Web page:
Switzerland Poulenc, Berlioz Tonhalle Orchestra (conductor Charles Dutoit), Erin Wall (soprano), Paul Groves (tenor), Zürcher Sing-Akademie (chorus-master Tim Brown), Zürcher Sängerknaben (chorus-master Konrad von Aarburg) Tonhalle Zurich 19.9.14 (JR)
Poulenc: Stabat Mater
Berlioz: Te Deum
Charles Dutoit and the Tonhalle Orchestra presented two major French choral works at this concert. The works were very different in style and character; both were immaculately delivered.
Poulenc was considered something of a musical clown in his day, as part of “les Six”, but a series of deaths and a visit to a pilgrimage site (Rocamadour in the French Pyrenees) brought him back, as he put it, to his childhood religion. His Stabat Mater is a mix of pieces in differing styles from Jesuit to Gregorian to French Renaissance to the baroque. The choir often sings a capella requiring secure intonation. To lighten the piece, Poulenc inserts jollity in some of the pieces and some witty endings. The piece is full of interest and delights the ear throughout: a juxtaposition of the hushed and the rushed. The chorus, the excellent semi-professional Zürcher Sing-Akademie, tackled the sombre pieces as expertly as in the wild, aggressive pieces: intonation was – virtually- faultless. The orchestra enjoyed their discordant accompaniment and interruptions and Dutoit, as ever an elegant conductor, was in his element. One thinks of Dutoit as French-Canadian, after his long association with the Montreal Symphony Orchestra, but he is in fact Swiss, having started his career in Geneva with the Orchestre de la Suisse Romande, the Lausanne Chamber Orchestra, Zurich Radio and the Berne Symphony Orchestra. Dutoit returns to Zurich in two weeks’ time to conduct the Royal Philharmonic Orchestra on tour.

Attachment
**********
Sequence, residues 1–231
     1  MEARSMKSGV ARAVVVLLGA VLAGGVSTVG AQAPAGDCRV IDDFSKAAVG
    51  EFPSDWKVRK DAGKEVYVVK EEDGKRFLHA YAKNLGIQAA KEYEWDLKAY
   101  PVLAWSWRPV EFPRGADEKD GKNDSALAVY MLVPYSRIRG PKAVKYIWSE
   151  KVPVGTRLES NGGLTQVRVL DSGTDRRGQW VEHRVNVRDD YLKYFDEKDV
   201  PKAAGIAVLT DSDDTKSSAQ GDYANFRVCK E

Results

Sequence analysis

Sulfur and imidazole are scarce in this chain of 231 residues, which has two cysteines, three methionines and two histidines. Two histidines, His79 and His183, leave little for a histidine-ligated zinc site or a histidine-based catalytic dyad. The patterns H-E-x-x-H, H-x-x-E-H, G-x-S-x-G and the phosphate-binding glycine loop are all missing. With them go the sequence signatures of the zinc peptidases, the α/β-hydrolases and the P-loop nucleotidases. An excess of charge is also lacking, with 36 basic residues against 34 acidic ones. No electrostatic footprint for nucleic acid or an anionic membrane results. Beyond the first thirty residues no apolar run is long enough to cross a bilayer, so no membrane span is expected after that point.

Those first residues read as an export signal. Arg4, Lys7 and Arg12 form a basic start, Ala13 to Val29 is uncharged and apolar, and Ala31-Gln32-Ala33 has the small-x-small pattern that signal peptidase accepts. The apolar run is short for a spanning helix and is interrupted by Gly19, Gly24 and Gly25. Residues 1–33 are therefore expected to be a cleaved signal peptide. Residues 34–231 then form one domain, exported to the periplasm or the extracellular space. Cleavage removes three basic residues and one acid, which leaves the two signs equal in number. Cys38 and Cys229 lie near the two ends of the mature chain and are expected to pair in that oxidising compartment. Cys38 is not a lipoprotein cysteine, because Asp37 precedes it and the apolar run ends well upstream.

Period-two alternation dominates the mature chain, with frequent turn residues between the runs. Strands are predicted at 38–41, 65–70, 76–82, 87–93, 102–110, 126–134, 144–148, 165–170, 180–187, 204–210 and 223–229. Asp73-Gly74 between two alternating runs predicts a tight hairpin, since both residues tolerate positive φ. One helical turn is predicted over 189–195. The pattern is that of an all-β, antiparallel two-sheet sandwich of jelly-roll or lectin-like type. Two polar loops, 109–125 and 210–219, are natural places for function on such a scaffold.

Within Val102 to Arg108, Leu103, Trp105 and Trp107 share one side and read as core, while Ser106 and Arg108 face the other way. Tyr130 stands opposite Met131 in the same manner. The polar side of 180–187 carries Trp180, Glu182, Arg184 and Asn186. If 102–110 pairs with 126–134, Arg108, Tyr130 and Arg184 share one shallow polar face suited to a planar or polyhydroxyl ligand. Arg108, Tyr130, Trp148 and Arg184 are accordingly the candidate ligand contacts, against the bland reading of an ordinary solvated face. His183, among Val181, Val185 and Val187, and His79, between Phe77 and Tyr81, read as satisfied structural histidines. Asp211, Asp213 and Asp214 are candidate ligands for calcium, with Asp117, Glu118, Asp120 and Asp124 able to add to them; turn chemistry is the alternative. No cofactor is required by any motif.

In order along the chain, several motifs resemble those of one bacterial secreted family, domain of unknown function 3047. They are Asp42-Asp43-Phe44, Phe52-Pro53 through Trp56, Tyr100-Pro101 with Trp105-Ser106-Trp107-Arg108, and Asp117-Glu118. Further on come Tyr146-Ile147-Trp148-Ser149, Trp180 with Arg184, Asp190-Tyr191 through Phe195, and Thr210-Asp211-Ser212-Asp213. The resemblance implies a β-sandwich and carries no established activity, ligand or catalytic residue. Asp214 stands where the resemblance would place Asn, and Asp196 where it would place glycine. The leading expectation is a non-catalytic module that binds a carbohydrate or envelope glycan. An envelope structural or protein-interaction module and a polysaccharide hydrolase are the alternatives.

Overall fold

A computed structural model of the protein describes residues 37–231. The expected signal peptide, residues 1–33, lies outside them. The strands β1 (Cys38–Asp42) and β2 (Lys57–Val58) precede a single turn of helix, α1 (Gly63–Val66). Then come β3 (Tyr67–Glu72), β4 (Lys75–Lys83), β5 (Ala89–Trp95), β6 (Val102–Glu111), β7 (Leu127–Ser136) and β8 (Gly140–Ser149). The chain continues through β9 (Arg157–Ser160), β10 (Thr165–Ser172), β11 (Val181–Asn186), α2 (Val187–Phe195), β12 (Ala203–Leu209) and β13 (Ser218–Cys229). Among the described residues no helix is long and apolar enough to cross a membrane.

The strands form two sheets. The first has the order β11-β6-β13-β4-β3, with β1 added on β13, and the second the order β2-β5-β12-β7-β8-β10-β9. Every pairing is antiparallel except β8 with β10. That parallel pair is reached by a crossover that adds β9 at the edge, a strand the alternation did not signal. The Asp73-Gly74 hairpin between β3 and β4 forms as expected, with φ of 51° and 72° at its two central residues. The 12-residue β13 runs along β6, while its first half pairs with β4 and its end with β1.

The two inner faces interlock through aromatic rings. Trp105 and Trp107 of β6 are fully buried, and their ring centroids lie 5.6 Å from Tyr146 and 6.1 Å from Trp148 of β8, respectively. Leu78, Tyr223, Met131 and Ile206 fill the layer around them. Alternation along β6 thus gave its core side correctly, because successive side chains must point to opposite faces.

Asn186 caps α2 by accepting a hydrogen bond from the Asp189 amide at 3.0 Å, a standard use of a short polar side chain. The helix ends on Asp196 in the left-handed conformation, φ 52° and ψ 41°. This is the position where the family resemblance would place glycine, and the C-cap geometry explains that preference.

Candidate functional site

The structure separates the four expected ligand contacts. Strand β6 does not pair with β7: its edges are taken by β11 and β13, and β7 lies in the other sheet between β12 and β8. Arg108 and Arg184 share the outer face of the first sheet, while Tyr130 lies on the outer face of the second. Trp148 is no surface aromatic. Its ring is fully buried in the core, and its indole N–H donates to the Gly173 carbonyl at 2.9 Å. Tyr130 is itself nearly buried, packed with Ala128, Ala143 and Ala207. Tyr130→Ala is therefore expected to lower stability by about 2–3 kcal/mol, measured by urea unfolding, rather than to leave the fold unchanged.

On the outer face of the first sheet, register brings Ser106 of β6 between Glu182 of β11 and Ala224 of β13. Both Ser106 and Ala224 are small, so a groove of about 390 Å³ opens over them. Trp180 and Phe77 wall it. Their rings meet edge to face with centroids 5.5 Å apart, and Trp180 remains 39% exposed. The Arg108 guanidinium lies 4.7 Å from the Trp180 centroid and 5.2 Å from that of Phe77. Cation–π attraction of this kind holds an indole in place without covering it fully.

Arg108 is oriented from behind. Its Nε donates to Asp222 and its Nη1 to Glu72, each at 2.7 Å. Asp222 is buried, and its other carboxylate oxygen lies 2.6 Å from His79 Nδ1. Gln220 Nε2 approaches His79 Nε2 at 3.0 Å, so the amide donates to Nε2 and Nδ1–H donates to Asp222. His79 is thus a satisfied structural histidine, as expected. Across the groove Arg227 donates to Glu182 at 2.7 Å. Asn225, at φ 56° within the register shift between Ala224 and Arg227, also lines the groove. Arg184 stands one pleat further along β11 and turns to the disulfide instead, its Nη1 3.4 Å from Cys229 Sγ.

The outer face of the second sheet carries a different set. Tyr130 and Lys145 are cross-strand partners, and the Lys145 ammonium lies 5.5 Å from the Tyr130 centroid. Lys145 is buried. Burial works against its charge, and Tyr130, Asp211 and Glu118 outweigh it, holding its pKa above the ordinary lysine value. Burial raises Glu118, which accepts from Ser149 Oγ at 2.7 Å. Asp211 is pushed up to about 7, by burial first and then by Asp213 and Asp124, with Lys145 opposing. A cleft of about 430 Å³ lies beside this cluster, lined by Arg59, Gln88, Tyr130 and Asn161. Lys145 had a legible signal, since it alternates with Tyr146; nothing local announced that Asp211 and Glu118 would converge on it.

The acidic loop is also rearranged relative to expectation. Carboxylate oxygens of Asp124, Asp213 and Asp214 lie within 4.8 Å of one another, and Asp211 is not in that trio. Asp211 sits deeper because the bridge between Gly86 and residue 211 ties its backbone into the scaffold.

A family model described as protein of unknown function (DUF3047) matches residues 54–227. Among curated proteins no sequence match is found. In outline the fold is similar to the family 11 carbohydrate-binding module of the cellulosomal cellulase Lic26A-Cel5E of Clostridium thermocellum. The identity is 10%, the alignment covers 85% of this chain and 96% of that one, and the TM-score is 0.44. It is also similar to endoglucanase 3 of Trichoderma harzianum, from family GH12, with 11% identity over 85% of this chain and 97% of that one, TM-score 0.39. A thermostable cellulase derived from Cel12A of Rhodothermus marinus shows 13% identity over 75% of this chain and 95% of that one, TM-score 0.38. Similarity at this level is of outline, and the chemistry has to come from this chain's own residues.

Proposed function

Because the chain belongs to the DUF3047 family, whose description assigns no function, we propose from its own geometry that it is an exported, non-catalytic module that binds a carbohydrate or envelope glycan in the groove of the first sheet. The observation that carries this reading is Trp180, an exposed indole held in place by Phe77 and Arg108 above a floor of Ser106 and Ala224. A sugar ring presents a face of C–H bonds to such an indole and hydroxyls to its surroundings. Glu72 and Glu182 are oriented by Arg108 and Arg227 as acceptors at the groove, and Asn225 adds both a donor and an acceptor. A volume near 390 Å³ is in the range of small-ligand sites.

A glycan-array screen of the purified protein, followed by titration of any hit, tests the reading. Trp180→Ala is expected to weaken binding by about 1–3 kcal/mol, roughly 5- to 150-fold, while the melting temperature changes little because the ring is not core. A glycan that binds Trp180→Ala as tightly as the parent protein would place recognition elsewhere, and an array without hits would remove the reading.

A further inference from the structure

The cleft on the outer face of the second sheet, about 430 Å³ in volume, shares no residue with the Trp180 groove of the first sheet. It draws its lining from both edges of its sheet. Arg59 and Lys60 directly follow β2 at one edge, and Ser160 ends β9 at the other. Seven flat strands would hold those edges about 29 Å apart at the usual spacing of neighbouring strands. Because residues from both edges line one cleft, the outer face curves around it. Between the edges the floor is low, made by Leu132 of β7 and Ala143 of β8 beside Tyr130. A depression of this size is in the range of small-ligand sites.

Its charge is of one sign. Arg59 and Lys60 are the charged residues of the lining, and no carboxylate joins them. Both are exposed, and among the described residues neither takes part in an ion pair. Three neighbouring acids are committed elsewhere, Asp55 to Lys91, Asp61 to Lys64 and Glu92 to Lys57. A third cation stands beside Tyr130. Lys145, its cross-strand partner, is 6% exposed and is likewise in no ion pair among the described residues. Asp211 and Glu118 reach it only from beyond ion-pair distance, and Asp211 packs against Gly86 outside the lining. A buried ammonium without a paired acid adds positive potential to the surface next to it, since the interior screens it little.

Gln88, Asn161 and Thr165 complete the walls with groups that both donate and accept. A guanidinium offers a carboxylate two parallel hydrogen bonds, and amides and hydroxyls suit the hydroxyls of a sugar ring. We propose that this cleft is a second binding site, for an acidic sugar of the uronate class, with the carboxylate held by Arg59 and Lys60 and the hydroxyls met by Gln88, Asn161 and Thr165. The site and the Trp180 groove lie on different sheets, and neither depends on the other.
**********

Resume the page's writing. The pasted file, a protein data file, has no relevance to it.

Erin Wall, the Canadian soprano, wooed the audience in the quiet passages and, in “ut fac portem” with her thrilling high notes. The last piece “quando corpus” was glorious, the chorus in full cry with Erin Wall soaring high above the stave.
After the interval, the choir and orchestra increased in size for the Berlioz. I was less taken by this work than the Poulenc, which has nothing to do with the performance. After a thrilling opening with a burst from the Tonhalle’s magnificent organ (played by Peter Solomon) it was clear we were entering a completely different sound world from the sparser, more abstract Poulenc.
The stage was extended so as to remove the front rows of the Stalls to accommodate the larger chorus, a childrens’ chorus, and a full battery of brass, double woodwind and percussion. I thought the shoe-box Tonhalle just too restricted a venue for this expansive sound, I kept thinking of the stunning Grande Messe des Morts which resounded all round the Albert Hall at the Proms some decades ago.
So why is the “Te Deum” not so often performed? I suspect the reason, apart from the large forces required, is a comparative lack of catchy melody, surprisingly for Berlioz. I came away impressed with the sheer power of the work, but humming the Poulenc.
American tenor Paul Groves was the soloist in the “Te ergo quaesumus” section of the Berlioz. He was firm of tone, clear in diction and confident in intonation – impressive in all registers.
The final movement, “Judex crederis” began with a massive organ introduction; in the closing pages the chorus still had plenty of voice to rise above the massive clamour of the orchestra to bring the work to a grandiose close.